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Air Brush Buying Guide

Air brushes have a unique role in painting. They are the smallest of all spray application types. They are well suited for artistic needs like t shirt design or small canvas painting. They are smaller than other spray applications like conventional spray guns or touch up spray guns. We will cover the things to consider when purchasing an Air Brush so you can decided if they are right for your spray application and which might be right for you.

First Consideration – How much Painting do You Plan on Doing?

To use an airbrush you should only be painting small detail work. Whether it be to touch up a mural or design a t-shirt. If you plan on needing to paint in wider patterns or large objects you will want to consider a traditional spray gun or a touch up spray gun. To better understand when a touch up spray gun may be right for your need you can review our guide on touch up spray guns here.  You can also check with us and we can help you better understand if a touch up would be better fit for your spray application.

Second Consideration – How Thick (Viscous) is your Paint?

Different air brushes offer different abilities to atomize a coating. You will want to evaluate the primary coatings you will use in your design work and choose an air brush that will be able to spray the coating well. Common coatings categories include inks, stains and dyes. A second common category involves paint and sho-card colors. A final category that is typically the most viscous is ceramic under glazing (though this will typically be a less precise application). You will also want to make sure you can spray your potential coating with an air brush.

Third Consideration – Have you Used an Air Brush Before?

Air brushes offer a variety of abilities in spraying great detail. Typically, the finer the detail the air brush will provide, the finer work you can provide. A finer air brush will typically have additional options in how you control the way it sprays.  However, the fine spray will also require better control and a solid understanding of the paint you are spraying. If you are just starting out with an air brush you may want to consider an air brush that is simpler in design. However, if you have been air brushing a while, you may be best with a high end air brush that offers the finest control over air and fluid delivery.

Fourth Consideration – Parts Availability

When buying an air brush you want to make sure that you can easily find the replacement parts that you need. If you plan on using the air brush regularly you will also want to ensure that you can replace most components of the air brush, otherwise you will end up having to throw away your air brush.

Fifth Consideration – Where Paint is Atomized

  • Internal mix – Internal mix will usually lay out a finer line but can be a bit more work to clean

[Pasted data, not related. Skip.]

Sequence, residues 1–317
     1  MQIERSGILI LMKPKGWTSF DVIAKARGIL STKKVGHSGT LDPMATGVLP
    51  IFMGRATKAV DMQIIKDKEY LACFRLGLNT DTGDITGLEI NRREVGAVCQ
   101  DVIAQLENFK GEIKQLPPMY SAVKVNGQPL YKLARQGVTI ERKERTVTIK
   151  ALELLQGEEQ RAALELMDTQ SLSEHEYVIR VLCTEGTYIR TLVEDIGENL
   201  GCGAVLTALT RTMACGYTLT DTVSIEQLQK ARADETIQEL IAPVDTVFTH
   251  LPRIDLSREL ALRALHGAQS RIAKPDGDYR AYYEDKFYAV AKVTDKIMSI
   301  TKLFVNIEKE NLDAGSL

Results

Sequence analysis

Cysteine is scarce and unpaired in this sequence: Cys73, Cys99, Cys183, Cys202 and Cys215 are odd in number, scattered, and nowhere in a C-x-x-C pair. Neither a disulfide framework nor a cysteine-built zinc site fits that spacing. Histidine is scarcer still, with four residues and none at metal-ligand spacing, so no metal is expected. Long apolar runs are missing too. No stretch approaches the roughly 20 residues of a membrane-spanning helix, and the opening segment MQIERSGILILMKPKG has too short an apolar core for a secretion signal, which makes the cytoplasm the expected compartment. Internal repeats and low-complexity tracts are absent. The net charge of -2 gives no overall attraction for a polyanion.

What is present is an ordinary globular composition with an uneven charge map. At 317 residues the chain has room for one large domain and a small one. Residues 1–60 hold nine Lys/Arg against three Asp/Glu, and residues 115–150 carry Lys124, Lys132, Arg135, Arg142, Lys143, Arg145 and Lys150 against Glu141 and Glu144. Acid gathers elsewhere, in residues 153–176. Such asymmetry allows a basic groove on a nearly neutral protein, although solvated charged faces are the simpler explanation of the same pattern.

• External Mix – External mix Air Brushes allow for easier clean up but may be a slightly less fine spray pattern

Six Consideration – Trigger Type

With an Air Brush there are essentially two types of trigger actions. One is a dual action and one is a single action. A Dual Action will provide air and then fluid, it typically allows slightly better control of your spraying. A single action will release paint and air at the same time they are usually a bit lower cost but may not provide the same control as a dual action trigger.

Seventh Consideration – How is paint fed?

  • Gravity Feed – Gravity feed air brushes feed fluid from a cup above the air brush. They use less air pressure typically and will provide a finer pattern.  However, they do not hold as much paint as a siphon feed air brush. The low pressure allows for a finer pattern to be sprayed. There downside includes a smaller paint reservoir than a siphon feed and the inability to paint upside down.
  • Siphon Feed – Siphon fed air brushes have a cup under them that air draws material up as it passes over the material. They can hold more paint than a gravity air brush but will not offer the same degree of control. They can also spray upside down unlike a gravity feed airbrush. They will typically not provide the fine spray pattern that a gravity fed air brush will
  • Side Port Feed – A side feed will be gravity fed when the cup is filled and suction fed when the paint gets low. The material enters through the side of the unit.  They offer a balance of a fine spray with optional larger cups.

Eighth Consideration – Manufacturer

Different manufacturers of air brushes have different levels of quality and different models. It is always good to learn if a given air brush has a good reputation for quality and durability. Options that we offer include the Binks Wren Air Brush.


By knowing what you will be spraying out of your air brush, the finish quality requirements, cleanup needs, parts, and your skill level you can better choose an air brush that will meet your needs and provide the result you want.

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